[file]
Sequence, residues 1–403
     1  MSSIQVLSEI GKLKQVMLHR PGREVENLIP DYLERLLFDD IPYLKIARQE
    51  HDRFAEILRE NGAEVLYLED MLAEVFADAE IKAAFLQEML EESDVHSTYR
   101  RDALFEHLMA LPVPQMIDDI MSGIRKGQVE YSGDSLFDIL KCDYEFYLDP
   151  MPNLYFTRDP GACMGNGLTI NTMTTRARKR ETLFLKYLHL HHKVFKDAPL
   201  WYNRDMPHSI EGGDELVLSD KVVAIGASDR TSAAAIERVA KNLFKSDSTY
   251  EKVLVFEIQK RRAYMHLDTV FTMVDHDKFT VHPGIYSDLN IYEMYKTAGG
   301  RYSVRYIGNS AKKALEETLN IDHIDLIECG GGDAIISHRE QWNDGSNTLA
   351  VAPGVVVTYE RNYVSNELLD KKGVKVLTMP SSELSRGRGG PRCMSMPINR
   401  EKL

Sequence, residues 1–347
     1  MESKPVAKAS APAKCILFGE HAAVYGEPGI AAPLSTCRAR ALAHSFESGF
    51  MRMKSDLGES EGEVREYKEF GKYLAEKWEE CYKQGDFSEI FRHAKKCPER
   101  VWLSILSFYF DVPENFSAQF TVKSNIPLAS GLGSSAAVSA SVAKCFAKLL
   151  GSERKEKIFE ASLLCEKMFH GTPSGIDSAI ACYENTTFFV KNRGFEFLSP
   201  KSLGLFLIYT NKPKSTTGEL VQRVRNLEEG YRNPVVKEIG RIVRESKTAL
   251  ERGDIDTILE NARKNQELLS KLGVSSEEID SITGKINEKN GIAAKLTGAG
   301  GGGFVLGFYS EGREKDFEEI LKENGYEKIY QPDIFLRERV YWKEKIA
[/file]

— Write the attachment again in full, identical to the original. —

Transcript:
Sequence, residues 1–403
     1  MSSIQVLSEI GKLKQVMLHR PGREVENLIP DYLERLLFDD IPYLKIARQE
    51  HDRFAEILRE NGAEVLYLED MLAEVFADAE IKAAFLQEML EESDVHSTYR
   101  RDALFEHLMA LPVPQMIDDI MSGIRKGQVE YSGDSLFDIL KCDYEFYLDP
   151  MPNLYFTRDP GACMGNGLTI NTMTTRARKR ETLFLKYLHL HHKVFKDAPL
   201  WYNRDMPHSI EGGDELVLSD KVVAIGASDR TSAAAIERVA KNLFKSDSTY
   251  EKVLVFEIQK RRAYMHLDTV FTMVDHDKFT VHPGIYSDLN IYEMYKTAGG
   301  RYSVRYIGNS AKKALEETLN IDHIDLIECG GGDAIISHRE QWNDGSNTLA
   351  VAPGVVVTYE RNYVSNELLD KKGVKVLTMP SSELSRGRGG PRCMSMPINR
   401  EKL

Sequence, residues 1–347
     1  MESKPVAKAS APAKCILFGE HAAVYGEPGI AAPLSTCRAR ALAHSFESGF
    51  MRMKSDLGES EGEVREYKEF GKYLAEKWEE CYKQGDFSEI FRHAKKCPER
   101  VWLSILSFYF DVPENFSAQF TVKSNIPLAS GLGSSAAVSA SVAKCFAKLL
   151  GSERKEKIFE ASLLCEKMFH GTPSGIDSAI ACYENTTFFV KNRGFEFLSP
   201  KSLGLFLIYT NKPKSTTGEL VQRVRNLEEG YRNPVVKEIG RIVRESKTAL
   251  ERGDIDTILE NARKNQELLS KLGVSSEEID SITGKINEKN GIAAKLTGAG
   301  GGGFVLGFYS EGREKDFEEI LKENGYEKIY QPDIFLRERV YWKEKIA